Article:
Patients and families desire an accurate understanding of the expected recovery following congenital cardiac surgery. Variation in knowledge and expectations within the care team may be under-recognized and impact communication and care delivery. Our objective was to assess knowledge of common postoperative milestones and perceived efficacy of communication with patients and families and within the care team. An 18-question survey measuring knowledge of expected milestones for recovery after four index operations and team communication in the postoperative period was distributed electronically to multidisciplinary care team members at 16 academic pediatric heart centers. Answers were compared to local median data for each respondent's heart center to assess accuracy and stratified by heart center role and years of experience. We obtained 874 responses with broad representation of disciplines. More than half of all respondent predictions (55.3%) did not match their local median data. Percent matching did not vary by care team role but improved with increasing experience (35.8%<2years vs. 46.4%>10years, p=0.2133). Of all respondents, 62.7% expressed confidence discussing the anticipated postoperative course, 78.6% denoted confidence discussing postoperative complications, and 55.3% conveyed that not all members of their care team share a common expectation for typical postoperative recovery. Most respondents (94.6%) stated that increased knowledge of local data would positively impact communication. Confidence in communication exceeded accuracy in predicting the timing of postoperative milestones. Important variation in knowledge and expectations for postoperative recovery in pediatric cardiac surgery exists and may impact communication and clinical effectiveness.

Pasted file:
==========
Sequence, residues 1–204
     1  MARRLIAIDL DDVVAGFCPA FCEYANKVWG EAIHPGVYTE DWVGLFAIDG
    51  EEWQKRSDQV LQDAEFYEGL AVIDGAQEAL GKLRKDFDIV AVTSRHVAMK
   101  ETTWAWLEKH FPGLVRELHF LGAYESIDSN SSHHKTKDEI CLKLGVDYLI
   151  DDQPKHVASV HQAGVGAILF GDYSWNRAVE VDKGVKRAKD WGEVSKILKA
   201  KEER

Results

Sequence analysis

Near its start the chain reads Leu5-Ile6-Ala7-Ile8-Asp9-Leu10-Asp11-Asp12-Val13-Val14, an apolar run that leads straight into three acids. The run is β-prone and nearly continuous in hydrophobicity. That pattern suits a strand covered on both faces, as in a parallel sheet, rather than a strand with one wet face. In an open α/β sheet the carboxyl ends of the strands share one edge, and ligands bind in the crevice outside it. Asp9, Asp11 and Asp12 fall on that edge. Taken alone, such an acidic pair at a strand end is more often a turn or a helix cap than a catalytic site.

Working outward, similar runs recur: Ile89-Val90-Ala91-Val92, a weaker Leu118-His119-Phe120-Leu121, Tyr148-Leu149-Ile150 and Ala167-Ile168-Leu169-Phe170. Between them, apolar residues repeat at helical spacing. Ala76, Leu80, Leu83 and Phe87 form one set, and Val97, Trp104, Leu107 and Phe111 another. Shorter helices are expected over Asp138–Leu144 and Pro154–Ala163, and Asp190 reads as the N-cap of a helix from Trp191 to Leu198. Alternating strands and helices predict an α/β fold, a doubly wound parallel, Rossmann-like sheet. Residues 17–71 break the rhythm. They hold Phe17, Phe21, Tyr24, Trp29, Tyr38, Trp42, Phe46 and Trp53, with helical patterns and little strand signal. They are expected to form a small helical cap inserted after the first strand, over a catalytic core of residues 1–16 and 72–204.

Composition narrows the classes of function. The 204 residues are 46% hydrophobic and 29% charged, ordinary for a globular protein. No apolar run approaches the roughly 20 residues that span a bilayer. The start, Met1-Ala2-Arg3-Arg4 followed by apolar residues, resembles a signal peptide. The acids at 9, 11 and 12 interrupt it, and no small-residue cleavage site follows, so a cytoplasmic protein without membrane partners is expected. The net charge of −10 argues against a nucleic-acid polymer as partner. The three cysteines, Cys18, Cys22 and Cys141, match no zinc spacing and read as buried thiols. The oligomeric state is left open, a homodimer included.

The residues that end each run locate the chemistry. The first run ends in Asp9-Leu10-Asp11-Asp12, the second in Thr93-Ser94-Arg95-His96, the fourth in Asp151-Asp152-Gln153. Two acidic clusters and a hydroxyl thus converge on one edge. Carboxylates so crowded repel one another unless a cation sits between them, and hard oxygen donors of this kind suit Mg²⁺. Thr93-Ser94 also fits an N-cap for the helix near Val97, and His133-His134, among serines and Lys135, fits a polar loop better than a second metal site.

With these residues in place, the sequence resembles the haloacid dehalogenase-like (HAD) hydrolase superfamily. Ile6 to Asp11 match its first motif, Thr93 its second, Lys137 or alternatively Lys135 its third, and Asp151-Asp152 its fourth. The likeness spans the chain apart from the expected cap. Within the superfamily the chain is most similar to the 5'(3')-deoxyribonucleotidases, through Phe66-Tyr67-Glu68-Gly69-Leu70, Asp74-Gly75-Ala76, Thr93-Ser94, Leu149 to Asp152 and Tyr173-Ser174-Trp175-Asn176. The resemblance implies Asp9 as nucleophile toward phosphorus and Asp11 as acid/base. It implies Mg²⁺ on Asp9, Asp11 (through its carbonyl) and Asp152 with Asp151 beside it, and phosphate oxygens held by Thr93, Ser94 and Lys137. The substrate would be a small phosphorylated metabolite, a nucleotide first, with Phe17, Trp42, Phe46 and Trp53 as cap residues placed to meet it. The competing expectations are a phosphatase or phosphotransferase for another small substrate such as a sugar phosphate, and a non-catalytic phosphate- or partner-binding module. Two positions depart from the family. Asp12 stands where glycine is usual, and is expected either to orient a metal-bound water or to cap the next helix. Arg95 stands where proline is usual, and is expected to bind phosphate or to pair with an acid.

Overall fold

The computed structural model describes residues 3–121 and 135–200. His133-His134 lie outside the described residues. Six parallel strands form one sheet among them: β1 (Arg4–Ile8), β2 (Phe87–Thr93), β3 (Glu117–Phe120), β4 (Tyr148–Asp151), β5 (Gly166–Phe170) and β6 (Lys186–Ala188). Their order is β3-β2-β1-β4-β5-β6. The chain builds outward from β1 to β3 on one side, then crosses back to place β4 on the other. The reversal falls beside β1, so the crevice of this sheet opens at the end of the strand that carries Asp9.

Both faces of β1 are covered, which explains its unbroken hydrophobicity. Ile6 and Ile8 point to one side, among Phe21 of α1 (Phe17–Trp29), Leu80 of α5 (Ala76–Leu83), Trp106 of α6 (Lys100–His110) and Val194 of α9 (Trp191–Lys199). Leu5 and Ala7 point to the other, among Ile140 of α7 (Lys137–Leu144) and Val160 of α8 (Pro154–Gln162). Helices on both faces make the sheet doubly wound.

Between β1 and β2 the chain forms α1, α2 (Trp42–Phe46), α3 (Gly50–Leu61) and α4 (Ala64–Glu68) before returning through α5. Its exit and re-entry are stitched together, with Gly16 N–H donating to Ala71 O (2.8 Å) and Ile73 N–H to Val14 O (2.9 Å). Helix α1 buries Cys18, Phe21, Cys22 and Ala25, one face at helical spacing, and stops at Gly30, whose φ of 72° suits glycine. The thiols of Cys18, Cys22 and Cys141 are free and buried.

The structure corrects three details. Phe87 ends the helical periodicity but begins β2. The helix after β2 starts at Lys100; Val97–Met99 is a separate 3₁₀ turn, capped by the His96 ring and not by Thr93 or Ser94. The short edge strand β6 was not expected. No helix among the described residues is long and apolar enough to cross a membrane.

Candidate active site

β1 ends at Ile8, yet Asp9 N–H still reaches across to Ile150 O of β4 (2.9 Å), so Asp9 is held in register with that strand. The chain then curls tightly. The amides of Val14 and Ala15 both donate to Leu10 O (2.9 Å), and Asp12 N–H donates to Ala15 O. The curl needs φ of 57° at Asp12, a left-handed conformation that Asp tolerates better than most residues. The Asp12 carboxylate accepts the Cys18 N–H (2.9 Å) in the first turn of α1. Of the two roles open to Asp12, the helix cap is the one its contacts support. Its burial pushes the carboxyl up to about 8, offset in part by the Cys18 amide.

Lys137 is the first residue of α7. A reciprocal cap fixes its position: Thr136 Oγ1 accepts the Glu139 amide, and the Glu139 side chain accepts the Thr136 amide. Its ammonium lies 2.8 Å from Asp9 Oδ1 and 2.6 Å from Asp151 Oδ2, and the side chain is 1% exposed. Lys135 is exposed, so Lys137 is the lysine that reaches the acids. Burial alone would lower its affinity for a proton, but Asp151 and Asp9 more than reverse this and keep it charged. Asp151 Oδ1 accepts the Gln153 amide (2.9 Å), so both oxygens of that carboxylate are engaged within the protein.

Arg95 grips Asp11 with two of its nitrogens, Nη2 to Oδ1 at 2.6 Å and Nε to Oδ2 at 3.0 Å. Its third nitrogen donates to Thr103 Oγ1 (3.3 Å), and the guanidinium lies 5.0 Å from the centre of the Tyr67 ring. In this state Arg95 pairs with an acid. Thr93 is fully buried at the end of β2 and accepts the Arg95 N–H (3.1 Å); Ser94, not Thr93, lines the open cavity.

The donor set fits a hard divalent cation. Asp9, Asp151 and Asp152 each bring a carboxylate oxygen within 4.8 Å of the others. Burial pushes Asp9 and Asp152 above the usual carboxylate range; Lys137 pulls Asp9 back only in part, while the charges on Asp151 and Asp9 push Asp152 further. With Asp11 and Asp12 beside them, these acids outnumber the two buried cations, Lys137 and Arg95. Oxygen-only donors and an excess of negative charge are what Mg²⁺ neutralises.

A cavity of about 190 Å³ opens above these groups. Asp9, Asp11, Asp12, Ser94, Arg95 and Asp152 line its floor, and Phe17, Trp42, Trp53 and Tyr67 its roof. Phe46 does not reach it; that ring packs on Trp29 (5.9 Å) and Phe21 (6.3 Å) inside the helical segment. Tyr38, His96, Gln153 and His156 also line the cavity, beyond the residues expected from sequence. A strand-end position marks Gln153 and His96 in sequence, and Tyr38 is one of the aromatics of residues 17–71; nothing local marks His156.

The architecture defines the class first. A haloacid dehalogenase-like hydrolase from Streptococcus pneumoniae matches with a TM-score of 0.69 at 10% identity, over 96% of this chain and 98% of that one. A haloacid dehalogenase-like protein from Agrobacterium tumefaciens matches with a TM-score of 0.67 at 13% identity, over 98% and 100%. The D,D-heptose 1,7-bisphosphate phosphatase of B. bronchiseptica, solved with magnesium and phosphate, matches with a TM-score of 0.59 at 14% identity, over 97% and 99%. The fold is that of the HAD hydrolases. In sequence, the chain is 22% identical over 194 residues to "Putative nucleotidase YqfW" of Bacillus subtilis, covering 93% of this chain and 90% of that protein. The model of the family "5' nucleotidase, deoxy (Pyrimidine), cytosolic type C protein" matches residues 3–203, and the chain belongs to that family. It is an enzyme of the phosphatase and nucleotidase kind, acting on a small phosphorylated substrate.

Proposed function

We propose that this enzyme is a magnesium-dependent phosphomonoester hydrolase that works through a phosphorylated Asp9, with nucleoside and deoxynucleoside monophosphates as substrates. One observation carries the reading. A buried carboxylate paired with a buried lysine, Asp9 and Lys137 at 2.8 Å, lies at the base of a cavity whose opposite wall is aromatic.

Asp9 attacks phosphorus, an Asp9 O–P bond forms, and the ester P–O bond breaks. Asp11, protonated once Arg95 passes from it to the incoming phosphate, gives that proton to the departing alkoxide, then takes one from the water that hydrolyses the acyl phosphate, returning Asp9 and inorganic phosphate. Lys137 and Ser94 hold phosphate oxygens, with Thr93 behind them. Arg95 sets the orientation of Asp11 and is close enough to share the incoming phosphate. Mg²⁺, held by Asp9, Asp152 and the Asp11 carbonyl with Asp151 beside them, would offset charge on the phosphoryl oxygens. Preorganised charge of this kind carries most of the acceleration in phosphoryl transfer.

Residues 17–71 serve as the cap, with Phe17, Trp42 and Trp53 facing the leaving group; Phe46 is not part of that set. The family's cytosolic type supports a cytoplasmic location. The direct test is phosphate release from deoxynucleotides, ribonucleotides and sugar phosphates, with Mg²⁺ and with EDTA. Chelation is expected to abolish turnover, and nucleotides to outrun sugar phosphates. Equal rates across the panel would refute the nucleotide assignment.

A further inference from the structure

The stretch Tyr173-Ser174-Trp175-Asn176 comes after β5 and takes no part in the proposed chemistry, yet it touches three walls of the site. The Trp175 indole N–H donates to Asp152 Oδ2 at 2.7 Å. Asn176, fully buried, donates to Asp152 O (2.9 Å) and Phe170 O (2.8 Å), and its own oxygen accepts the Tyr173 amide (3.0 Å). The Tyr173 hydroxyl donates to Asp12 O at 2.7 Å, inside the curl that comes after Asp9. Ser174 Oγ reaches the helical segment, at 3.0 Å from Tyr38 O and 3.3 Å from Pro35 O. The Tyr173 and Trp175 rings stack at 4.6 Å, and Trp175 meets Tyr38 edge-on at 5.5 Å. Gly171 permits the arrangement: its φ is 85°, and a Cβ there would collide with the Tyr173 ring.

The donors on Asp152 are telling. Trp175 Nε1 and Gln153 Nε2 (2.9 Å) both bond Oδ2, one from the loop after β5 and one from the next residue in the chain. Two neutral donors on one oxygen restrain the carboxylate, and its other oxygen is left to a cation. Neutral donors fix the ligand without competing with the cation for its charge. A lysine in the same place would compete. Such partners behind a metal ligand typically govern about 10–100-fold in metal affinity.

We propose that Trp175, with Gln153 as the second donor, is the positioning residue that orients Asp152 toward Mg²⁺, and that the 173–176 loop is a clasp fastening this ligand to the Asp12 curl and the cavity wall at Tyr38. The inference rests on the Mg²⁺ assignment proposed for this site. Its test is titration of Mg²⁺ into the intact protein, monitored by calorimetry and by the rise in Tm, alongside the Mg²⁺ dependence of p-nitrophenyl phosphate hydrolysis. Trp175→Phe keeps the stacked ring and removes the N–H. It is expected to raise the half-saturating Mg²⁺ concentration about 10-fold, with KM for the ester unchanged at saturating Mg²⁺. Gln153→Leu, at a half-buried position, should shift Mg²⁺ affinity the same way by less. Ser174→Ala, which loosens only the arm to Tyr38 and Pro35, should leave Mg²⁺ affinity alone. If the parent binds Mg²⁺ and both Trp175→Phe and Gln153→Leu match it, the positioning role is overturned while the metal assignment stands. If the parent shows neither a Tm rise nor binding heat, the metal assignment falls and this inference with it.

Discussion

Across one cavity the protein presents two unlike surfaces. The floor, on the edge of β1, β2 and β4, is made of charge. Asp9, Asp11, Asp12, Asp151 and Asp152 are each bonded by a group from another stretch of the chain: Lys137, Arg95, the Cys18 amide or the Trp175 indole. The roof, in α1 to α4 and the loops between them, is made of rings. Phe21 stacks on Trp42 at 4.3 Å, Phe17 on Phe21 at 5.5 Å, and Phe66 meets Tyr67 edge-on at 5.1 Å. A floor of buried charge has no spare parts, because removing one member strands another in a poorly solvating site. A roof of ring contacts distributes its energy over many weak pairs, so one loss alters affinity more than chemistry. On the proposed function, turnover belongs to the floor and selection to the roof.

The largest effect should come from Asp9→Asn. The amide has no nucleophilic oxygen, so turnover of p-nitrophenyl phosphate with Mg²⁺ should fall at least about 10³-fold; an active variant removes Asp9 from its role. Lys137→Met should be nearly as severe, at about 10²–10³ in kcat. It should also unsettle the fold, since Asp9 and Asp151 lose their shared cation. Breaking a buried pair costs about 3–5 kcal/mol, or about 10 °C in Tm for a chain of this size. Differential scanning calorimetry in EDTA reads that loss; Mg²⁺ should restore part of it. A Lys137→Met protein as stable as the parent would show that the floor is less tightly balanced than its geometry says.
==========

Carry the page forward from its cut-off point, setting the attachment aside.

View details for DOI 10.1007/s00246-022-03059-9

    View details for PubMedID 36436004

  • Impact of Abnormal Potassium on Arrhythmia Risk During Pediatric Digoxin Therapy. Pediatric cardiology Mlambo, V. C., Algaze, C. A., Mak, K., Collins, R. T. 2022

    Abstract